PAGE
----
2.1. Why is Java required?

An imaging exam may contain hundreds if not thousands of files spread across multiple folders (directories), and in order to find, package, encrypt and upload a set of such files in a manner that is convenient for the contributor, software that is not normally installed on a user's computer is needed.

Most modern browsers support the use of Java "applets", which are small programs downloaded and run automatically within ordinary web pages. The Java applet used during the contribution process on this site works this way.

2.2. Do I need to do anything special to use Java?

Almost all modern browsers support the use of Java, and many come installed with Java already usable and activated, since many popular web sites use Java. The contribution page will automatically detect whether or not Java is available, and if not, will prompt you as necessary to install it. For example, on a Windows system if you see a dialog like this:

example of Java install dialog

In order to proceed you need to select "Yes". Note that you may also check the box "Always trust ..." to avoid this step in future (for example when upgrading).

During the Java install process you may be asked to install "extra" stuff, such as the Google toolbar and/or desktop. You may or may not want to do this. It is not required for PCIR contribution. If you do not want these installed, be sure to uncheck the checkboxes.

2.3. What if I cannot use Java?

If you are using a computer of your own, chances are that your default security settings will allow Java to be used, and even if not, you should be able to change the settings to make it work.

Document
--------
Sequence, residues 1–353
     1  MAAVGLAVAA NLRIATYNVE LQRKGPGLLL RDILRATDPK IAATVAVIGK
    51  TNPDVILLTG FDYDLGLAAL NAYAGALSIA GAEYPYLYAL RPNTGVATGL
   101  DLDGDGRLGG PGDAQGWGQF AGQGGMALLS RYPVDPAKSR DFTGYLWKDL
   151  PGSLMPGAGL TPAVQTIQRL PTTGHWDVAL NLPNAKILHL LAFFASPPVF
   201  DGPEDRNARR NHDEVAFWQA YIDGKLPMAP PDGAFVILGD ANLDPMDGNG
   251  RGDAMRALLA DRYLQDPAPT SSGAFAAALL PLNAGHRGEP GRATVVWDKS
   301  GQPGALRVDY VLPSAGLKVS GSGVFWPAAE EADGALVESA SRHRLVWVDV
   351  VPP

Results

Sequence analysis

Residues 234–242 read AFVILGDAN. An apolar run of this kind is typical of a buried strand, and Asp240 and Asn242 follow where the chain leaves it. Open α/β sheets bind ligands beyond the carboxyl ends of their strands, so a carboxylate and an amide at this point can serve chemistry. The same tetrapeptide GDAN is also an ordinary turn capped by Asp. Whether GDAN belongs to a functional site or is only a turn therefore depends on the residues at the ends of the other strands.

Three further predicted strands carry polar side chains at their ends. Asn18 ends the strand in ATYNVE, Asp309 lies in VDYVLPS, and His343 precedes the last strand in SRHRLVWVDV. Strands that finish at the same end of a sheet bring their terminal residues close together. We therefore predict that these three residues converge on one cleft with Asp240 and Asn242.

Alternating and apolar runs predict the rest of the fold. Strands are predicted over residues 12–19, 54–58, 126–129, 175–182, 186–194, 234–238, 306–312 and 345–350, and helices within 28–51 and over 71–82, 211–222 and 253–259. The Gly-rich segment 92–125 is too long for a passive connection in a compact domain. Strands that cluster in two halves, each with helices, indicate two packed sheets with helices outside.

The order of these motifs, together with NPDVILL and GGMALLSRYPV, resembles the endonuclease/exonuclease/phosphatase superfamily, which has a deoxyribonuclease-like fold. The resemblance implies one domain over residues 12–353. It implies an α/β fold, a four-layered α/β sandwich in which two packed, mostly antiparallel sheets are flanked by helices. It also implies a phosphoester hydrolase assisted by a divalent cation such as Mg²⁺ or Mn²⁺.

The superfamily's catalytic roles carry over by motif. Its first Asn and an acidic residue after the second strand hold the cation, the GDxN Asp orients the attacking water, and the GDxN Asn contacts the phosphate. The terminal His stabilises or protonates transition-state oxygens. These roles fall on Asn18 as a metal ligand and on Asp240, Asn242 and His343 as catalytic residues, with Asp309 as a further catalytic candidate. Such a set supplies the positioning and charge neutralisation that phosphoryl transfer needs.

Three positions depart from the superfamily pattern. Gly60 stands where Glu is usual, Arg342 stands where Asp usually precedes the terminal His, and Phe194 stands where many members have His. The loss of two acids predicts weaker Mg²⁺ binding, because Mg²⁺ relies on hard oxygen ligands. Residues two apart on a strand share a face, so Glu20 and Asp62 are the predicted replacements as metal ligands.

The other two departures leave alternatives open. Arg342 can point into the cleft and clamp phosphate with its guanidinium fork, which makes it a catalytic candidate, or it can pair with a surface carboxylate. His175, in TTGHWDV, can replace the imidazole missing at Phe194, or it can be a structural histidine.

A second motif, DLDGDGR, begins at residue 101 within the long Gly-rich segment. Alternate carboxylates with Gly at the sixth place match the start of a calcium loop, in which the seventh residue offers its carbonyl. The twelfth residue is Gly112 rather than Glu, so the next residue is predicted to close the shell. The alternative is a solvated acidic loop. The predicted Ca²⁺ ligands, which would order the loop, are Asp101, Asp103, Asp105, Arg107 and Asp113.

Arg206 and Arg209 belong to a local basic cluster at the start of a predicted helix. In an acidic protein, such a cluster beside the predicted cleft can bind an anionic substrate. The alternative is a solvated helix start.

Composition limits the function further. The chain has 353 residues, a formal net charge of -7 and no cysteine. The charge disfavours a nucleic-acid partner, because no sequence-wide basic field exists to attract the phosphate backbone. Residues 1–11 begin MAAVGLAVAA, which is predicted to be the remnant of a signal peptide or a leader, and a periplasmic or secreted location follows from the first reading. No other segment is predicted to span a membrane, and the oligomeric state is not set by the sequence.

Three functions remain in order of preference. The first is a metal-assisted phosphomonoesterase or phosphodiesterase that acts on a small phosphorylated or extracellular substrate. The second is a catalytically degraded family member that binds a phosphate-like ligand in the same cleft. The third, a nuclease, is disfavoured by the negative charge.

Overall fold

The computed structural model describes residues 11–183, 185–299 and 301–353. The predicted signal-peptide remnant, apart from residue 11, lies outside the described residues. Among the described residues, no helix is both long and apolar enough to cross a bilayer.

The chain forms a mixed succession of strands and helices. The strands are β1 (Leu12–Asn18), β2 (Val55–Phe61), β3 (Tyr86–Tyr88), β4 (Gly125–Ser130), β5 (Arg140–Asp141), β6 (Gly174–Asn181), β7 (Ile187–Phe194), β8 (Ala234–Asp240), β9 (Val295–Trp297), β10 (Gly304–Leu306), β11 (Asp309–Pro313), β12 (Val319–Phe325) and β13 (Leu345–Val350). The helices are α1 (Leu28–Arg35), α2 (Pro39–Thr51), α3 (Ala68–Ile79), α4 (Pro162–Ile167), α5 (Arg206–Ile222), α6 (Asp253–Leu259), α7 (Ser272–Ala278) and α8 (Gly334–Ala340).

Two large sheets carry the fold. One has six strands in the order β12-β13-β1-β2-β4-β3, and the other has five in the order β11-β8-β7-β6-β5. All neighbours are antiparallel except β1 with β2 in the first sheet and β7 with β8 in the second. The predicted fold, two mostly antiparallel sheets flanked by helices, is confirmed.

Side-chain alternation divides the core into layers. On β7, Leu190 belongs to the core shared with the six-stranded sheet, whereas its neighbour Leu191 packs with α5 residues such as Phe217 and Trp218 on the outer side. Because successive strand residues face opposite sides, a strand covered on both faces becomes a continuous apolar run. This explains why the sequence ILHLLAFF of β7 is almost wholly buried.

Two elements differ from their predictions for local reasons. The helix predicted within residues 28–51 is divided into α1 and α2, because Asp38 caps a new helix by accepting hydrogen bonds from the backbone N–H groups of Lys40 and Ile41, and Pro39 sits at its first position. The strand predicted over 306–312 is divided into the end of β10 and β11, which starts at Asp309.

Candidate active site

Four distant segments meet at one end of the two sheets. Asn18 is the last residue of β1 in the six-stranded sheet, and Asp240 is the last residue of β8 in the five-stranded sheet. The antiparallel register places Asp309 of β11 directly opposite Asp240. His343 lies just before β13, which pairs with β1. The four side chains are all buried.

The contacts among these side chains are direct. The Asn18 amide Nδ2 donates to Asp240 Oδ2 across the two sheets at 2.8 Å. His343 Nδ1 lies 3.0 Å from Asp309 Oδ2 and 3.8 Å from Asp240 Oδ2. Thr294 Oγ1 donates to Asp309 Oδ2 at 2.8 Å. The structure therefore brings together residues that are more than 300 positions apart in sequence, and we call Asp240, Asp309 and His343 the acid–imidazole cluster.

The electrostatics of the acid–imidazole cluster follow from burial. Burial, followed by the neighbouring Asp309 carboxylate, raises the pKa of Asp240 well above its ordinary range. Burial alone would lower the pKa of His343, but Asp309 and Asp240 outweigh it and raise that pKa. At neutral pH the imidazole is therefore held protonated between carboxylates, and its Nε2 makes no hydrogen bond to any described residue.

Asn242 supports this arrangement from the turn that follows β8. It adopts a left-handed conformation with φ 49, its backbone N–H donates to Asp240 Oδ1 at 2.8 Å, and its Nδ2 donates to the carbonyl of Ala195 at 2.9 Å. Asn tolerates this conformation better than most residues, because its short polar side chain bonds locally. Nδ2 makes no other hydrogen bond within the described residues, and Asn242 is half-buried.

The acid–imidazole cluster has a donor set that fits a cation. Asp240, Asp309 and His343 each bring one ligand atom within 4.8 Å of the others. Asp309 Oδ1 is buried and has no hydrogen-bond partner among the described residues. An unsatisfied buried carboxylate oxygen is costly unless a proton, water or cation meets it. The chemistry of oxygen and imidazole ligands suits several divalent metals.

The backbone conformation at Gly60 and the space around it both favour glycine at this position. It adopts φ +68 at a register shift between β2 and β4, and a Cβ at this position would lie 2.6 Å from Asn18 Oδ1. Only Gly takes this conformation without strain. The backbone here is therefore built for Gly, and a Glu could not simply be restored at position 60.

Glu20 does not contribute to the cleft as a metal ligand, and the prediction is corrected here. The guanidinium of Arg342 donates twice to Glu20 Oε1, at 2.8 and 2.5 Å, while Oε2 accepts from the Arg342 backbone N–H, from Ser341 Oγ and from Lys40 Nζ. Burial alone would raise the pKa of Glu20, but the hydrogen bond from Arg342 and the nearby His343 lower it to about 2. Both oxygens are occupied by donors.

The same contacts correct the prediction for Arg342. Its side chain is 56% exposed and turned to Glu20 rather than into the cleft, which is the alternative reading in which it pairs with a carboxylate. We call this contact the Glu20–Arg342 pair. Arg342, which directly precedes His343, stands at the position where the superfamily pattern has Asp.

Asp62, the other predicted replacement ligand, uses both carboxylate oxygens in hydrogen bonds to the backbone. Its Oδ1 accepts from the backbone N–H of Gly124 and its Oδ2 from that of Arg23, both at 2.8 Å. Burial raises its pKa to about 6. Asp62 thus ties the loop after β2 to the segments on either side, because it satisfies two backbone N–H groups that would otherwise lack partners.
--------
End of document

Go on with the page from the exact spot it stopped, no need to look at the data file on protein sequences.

If you are using a computer controlled by someone else, for example a work computer under the control of the IT department, or a publicly accessible computer at a library or at school, the security policy may be more strict, and may possibly prevent you from using Java within web pages, or installed your own software including Java. In such cases, since Java is required for contribution, the simplest solution is to use another computer, such as your home computer.

2.4. Why do I have to trust Java applets, and is it safe?

Any software downloaded from a web site is a security risk. Accordingly, browsers will not let just any Java applet run wild without asking your permission. Specifically, to get access to local files on your computer, such as your CD drive and any paper scanned document files, and to get access to the Internet to upload encrypted versions of these files, you must provide your permission.

When you start the contribution process, the browser will pop up a dialog that looks something like this (the exact appearance will depend on your version of operating system and browser:

example of applet trust dialog

You need to click the "Run" button once if you are willing to proceed. Note that you may also check the box "Always trust ..." to avoid this step in future (for example when submitting multiple contributions).

It is a matter of faith that you trust the PCIR software, just as it is a matter of faith that you trust the PCIR to handle your private information in an appropriate manner.

2.5. Which Java version is required?

Because the upload applet encrypts your files before transferring them, a version of Java with the cryptography extensions installed is required. This means a version of Java SE 1.5 or more recent is required.

It is generally a good idea to keep all of your software updated anyway, not least your Internet related software, so you may wish to download and install the latest Java version from Sun anyway. Your are looking for the "Java Runtime Environment (JRE)"; you do not need the development kit (JDK). If you are a Mac user, from Apple (although your normal Software Update procedure on the Mac should take care of this).